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Old December 5, 2009, 08:01 PM
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If you do heavily threaded tasks then the 860 is worth the extra, but if you just game and use your computer for normal everyday tasks then save the $$$ or put it towards other components. Bottom line is that the HT does work in certain programs that are optimized for it, but most programs can't take full advantage of it.
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  #22 (permalink)  
Old December 5, 2009, 08:58 PM
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What people don't understand when comparing these chips is the integrated Technology that exists inside of them.

For example, they use L3 Cache now. So comparing them to a Core 2 Quad isn't accurate. As well like AMD's AM3 they have an integrated memory controller on die now, which streamlines a lot of processes that were delegated elsewhere. And to top it off the i5 has PCI-e controls built in on die to boot. So its new streamlined tech that is far better than what has come before it.

AS for which chip to use, that all depends on what you're doing. Either CPU is a powerful choice go with whats in your budget.

People need to do research before they start comparing old tech to new.

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  #23 (permalink)  
Old December 5, 2009, 09:36 PM
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I don't think anyone is really comparing old tech to new. The OP just wanted to know 860 vs 750. Really the advantage of hyperthreading in gaming as of now is 0 and most likely will be for years to come. I also speak from experience of owning an x58 rig compared to my new P55 setup. I understand we are an enthusiast site and people buy crazy rigs as I have but when it comes down to it for gaming a well thought out middle of the road rig can preform the same as a x58 classified with a 920 OCed to 4ghz in gaming at half the price and possibly less. Save your money for cooler things like cars .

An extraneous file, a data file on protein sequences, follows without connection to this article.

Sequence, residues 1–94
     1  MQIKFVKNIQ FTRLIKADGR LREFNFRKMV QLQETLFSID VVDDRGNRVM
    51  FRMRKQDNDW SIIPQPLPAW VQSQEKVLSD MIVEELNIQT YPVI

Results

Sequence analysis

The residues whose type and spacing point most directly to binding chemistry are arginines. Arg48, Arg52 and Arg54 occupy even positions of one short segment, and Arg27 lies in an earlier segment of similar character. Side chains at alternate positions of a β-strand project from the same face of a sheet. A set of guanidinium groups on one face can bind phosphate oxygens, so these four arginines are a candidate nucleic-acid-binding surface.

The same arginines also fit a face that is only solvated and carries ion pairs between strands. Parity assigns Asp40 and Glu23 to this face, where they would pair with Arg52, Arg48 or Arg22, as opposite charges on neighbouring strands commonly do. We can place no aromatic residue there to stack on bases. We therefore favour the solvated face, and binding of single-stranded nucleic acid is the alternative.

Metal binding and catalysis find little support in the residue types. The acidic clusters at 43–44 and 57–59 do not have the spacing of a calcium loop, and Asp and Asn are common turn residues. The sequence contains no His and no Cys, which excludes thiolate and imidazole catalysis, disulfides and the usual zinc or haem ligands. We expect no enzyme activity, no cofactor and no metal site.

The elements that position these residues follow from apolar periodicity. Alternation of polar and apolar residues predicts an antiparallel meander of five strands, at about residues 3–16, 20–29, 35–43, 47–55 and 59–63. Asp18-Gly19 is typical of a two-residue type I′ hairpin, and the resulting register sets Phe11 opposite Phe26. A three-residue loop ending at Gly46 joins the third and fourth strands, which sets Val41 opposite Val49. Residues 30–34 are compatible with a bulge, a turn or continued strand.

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  #24 (permalink)  
Old December 6, 2009, 03:07 AM
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I know you gone tell me that the points are not a good benchmark, I agree, but look at the one of my I5-750 with a radeon 4890, you will see that it's the wd 640 black the lowest one, so it's make only realize than you better to save money on the cpu and get a SSD or Raid 0 solutions , I will fix this 5.9 this week...

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Old December 6, 2009, 06:04 AM
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An SSD will probably be my next buy when I upgrade that system. Prices are a little high for me right now and I guess 6 months to 12 months from now it will be more reasonable. I was shooting for an SLC drive instead of a MLC. I know that USB 3 and SATA 3 are coming but since the support is not that good right now. I it comes down to an SSD and it uses SATA 3 I guess I will just buy a card for that at that time.

Also, As for the GTX 260 in SLI, the reason I was asking for this is that I will sell my old computer to a friend with my old 8800GT card. I will thus keep my GTX 260 and I was really asking if an SLI setup is good with this card. I heard that a GTX 295 was really 2 GTX 260 on the same card. I would have put the 100$ saving from the 860 toward this. I know that ATI is offering really good cards but I will just wait for the generation after that to change the card (2 years).
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  #26 (permalink)  
Old December 6, 2009, 06:19 AM
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Quote:
Originally Posted by Pidg76 View Post
An SSD will probably be my next buy when I upgrade that system. Prices are a little high for me right now and I guess 6 months to 12 months from now it will be more reasonable. I was shooting for an SLC drive instead of a MLC. I know that USB 3 and SATA 3 are coming but since the support is not that good right now. I it comes down to an SSD and it uses SATA 3 I guess I will just buy a card for that at that time.